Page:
To celebrate the 175th anniversary of the Sisters of Charity in Australia, the Sisters of Charity Foundation has partnered with the Asylum Seekers Centre to provide emergency housing to asylum seekers who are homeless or at risk of becoming homeless, according to a media release.
The Sisters of Charity Foundation has embarked upon the difficult but important task of providing emergency housing to asylum seekers who are homeless or at risk of becoming homeless.
The Foundation has invested close to $3m in the purchase of a residential building which will be used exclusively by the Asylum Seekers Centre for emergency and transitional housing to assist asylum seekers who are homeless or at risk of becoming homeless.
“To celebrate the 175yr anniversary of the Sisters of Charity in Australia, the Sisters of Charity Foundation decided to embark on a legacy project that would provide a real and lasting benefit to a group of people who are some of the most disadvantaged living amongst us,” said the Foundation’s Chairman Richard Haddock AM.
“After extensive consultation with Homelessness NSW, we made the decision to approach the Asylum Seekers Centre and develop a housing partnership that will provide relief to a great many people over the years,” he said.
The Foundation will make the property available to the Asylum Seekers Centre who will in turn manage the property as well as providing casework support for all residents.
Last year the Centre provided over 16,654 accommodation nights. With 80% of its clients arriving homeless or about to become homeless, demand is much greater than it can currently provide. The Foundation’s gift will enable to the Centre to meet that demand and provide safe high quality accommodation. The Centre also provides food, healthcare, English lessons, employment assistance and other vital services to asylum seekers.
The issues confronting asylum seekers are complex. According to Melanie Noden, CEO of the Asylum Seekers Centre over 70% of their clients receive absolutely no government support, 50% have no work rights and over 30% have serious mental health issues. These issues are further compounded because they are not entitled to access government provided accommodation and have very limited access to other homelessness services.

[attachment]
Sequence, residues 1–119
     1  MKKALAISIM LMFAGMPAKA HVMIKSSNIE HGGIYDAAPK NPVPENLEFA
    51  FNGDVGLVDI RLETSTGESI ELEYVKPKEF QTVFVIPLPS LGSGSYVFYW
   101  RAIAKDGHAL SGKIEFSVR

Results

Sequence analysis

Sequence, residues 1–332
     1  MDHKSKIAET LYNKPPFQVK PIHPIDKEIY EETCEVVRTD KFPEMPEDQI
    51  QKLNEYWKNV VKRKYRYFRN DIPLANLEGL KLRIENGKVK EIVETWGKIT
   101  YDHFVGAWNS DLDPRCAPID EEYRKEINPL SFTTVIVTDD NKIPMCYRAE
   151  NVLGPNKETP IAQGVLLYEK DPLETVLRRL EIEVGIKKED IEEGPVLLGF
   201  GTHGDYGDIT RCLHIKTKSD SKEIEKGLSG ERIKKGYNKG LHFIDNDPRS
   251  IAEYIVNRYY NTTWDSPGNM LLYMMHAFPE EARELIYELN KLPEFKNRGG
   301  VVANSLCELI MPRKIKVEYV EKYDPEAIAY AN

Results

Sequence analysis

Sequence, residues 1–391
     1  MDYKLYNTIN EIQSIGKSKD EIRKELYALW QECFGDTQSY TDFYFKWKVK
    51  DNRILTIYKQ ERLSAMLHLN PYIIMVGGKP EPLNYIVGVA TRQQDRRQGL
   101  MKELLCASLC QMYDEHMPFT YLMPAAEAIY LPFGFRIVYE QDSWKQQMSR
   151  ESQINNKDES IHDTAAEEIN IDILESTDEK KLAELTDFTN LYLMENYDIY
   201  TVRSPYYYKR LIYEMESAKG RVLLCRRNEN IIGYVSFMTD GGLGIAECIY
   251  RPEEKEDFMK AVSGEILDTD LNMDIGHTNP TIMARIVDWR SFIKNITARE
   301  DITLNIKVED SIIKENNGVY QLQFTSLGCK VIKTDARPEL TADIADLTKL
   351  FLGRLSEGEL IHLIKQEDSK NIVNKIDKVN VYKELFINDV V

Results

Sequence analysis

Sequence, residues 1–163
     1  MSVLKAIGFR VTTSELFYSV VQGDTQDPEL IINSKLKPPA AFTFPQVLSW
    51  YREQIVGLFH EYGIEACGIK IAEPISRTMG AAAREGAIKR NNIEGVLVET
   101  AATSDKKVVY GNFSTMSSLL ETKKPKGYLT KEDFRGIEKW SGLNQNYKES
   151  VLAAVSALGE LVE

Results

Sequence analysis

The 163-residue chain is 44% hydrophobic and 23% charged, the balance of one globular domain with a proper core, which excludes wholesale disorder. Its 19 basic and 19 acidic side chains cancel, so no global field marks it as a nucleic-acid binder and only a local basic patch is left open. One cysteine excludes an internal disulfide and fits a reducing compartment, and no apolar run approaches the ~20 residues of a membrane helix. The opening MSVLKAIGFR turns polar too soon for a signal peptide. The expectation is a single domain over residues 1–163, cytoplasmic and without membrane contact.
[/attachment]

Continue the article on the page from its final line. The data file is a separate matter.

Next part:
According to Richard Haddock, “Access to safe, quality housing is a basic human need and fundamental to helping traumatised people make a new start.”“Every year thousands of asylum seekers seek refuge in Australia. Most arrive with nothing, know no one and are deeply traumatised by the circumstances of their displacement. Most are not able to access any form of government support and they must rely on compassionate, well organised nongovernment organisations and charities to assist with their most basic needs.”
“The Sisters of Charity Foundation is pleased to have the opportunity to work in partnership with the Asylum Seekers Centre to provide essential support to some of the most disadvantaged people in our community,” he said.
The keys to the property, located in Petersham, will be officially handed to the Asylum Seekers Centre at a small official gathering held on 3rd of March, 2015 which will also mark the commencement of the lease.
For more information contact:
Reba Meagher, CEO Sisters of Charity Foundation - 02 9367-1211
Melanie Noden, CEO Asylum Seekers Centre – 02 9078 1901